All the 1L job search (which was lol, but not as lol as the actual job spending most of the day mass mailing) taught me was that most of the do-gooder PI places are completely full of shit.

"We can't serve all of our clients due to being understaffed, we're backlogged for months, we really need as many people as possible working on these cases."
"Oh that's cool. Can I work for you for free?"
"LOLNO DING"


Right, cause supervising and training dumb 1Ls doesn't take a bunch of their time

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Monochromatic Oeuvre
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Re: Columbia students taking questions

Postby Monochromatic Oeuvre » Tue Apr 05, 2016 11:00 pm

As I recall, the interns were given a 30-minute intro to what the organization did, where to file shit, and what things you're not supposed to ask domestic violence victims. Everything else was, theoretically, in a giant binder they gave us. I never heard from the woman that gave that lecture at any point in the next 10 weeks.

There wasn't a lot of training necessary because most of the job was helping barely English-literate green card holders and illegal immigrants to fill out basic forms. Not that they really gave a fuck. I mean, more power to the noble doing good work when most of us will undoubtedly make the world a worse place, but everyone peaced out at like 4:30 and were basically done working by 3.

But if you don't get a 1L SA (and you probably won't), you might as well get one of these DGAF jobs. If one of the 200+ mass mails I had sent during that job wound up being the job I relied on, I would've forever thanked my lucky stars to not be whatever it is the strivers do.

ETA: Worth mentioning: Regular practice was to just outright make shit up to fit within guidelines. If you had to arrive before Date X to keep your food stamps for example, the attorney would say something like "If you arrived before Date X, you're eligible for food stamps. Now what date did you arrive smuggled in the back of a truck?" The ones whose English was better usually caught on. If their English wasn't so good, then sometimes they'd say "after Date X" and the attorney would make a second attempt, saying "Now I want to be clear--on this form that we're filing, I am going to type the date you tell me you arrived in the U.S. If that date is before Date X, you will get to keep your food stamps. If it's after Date X, you will not be eligible for food stamps. Now Mrs. Client, can you tell me, what date did you arrive in the U.S.?"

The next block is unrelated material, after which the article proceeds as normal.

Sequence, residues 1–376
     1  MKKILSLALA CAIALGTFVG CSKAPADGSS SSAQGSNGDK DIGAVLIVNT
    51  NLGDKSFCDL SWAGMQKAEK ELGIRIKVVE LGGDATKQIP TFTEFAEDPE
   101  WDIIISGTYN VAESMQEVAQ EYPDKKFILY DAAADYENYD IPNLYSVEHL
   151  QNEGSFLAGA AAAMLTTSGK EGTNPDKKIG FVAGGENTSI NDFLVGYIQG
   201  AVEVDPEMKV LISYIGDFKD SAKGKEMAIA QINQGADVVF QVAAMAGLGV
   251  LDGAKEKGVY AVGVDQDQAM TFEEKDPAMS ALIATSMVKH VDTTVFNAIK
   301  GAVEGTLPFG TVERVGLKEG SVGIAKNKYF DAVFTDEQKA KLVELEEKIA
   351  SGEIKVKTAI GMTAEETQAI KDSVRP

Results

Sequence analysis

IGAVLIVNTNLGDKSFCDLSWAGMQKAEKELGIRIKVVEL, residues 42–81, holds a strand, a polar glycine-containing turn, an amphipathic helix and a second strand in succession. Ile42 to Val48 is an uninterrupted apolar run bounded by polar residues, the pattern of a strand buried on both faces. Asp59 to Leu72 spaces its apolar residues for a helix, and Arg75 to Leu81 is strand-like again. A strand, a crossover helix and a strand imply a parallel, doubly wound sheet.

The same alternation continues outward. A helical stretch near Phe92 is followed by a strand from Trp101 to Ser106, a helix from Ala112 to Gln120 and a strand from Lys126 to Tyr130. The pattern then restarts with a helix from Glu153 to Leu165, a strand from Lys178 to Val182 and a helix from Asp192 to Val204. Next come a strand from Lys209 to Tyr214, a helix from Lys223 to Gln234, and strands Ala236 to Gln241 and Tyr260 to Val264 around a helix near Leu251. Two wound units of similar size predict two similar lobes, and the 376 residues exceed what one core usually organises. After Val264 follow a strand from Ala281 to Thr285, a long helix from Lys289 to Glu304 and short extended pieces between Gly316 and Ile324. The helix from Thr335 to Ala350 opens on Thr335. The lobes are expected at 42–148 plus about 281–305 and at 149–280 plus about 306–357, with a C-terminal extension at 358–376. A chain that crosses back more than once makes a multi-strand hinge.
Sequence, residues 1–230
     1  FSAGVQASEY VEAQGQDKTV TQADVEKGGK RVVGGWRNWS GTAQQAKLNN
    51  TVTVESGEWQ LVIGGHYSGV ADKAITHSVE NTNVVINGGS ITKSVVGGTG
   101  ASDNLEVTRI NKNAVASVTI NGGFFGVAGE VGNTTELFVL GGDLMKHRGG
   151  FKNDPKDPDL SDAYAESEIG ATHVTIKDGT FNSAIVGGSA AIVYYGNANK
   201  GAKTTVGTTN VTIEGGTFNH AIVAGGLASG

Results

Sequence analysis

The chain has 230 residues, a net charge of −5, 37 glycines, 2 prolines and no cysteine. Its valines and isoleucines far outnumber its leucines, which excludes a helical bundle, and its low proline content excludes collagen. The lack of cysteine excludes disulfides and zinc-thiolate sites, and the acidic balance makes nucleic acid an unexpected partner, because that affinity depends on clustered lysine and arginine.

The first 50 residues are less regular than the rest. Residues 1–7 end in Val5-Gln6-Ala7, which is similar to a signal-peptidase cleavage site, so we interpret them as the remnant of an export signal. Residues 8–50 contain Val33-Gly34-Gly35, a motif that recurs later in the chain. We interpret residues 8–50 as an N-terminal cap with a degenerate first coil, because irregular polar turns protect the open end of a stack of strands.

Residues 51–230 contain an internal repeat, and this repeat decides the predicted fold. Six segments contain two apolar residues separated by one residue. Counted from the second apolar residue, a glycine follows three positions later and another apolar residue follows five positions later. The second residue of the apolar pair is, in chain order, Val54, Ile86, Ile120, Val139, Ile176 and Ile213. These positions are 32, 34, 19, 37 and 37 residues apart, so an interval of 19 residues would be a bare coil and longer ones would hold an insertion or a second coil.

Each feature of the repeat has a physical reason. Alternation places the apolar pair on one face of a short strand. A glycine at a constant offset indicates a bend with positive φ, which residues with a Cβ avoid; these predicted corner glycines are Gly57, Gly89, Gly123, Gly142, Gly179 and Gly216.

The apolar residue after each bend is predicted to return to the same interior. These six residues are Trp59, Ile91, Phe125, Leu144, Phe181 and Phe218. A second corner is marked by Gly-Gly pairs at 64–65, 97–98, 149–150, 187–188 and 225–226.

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BizBro
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Re: Columbia students taking questions

Postby BizBro » Wed Apr 06, 2016 12:05 am

Legitimate question: How bad will it hurt to lose dean's cup two years in a row?

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LetsGoMets
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Re: Columbia students taking questions

Postby LetsGoMets » Wed Apr 06, 2016 12:18 am

BizBro wrote:Legitimate question: How bad will it hurt to lose dean's cup two years in a row?


Not as bad as being stuck at US News #6 seven years in a row

goingtoschool
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Re: Columbia students taking questions

Postby goingtoschool » Wed Apr 06, 2016 4:16 pm

Only 20 students a year or so are clerking (which, by the way, is a shitty idea for 95% of people). Most of the AIII clerks are Stone.


If you could elaborate, why is clerking such a bad idea?

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jbagelboy
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Re: Columbia students taking questions

Postby jbagelboy » Wed Apr 06, 2016 4:49 pm

goingtoschool wrote:
Only 20 students a year or so are clerking (which, by the way, is a shitty idea for 95% of people). Most of the AIII clerks are Stone.


If you could elaborate, why is clerking such a bad idea?


Actually, like 50 people per year are clerking, they just aren't all starting immediately after graduation. Historically about 18% of the class will eventually clerk.

Clerking is practically useless for corporate attorneys, and probably 3/4 of CLS students are going transactional/corporate.
Last edited by jbagelboy on Wed Apr 06, 2016 4:53 pm, edited 1 time in total.

stoopkid13
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Re: Columbia students taking questions

Postby stoopkid13 » Wed Apr 06, 2016 4:51 pm

Monochromatic Oeuvre wrote:As I recall, the interns were given a 30-minute intro to what the organization did, where to file shit, and what things you're not supposed to ask domestic violence victims. Everything else was, theoretically, in a giant binder they gave us. I never heard from the woman that gave that lecture at any point in the next 10 weeks.

There wasn't a lot of training necessary because most of the job was helping barely English-literate green card holders and illegal immigrants to fill out basic forms. Not that they really gave a fuck. I mean, more power to the noble doing good work when most of us will undoubtedly make the world a worse place, but everyone peaced out at like 4:30 and were basically done working by 3.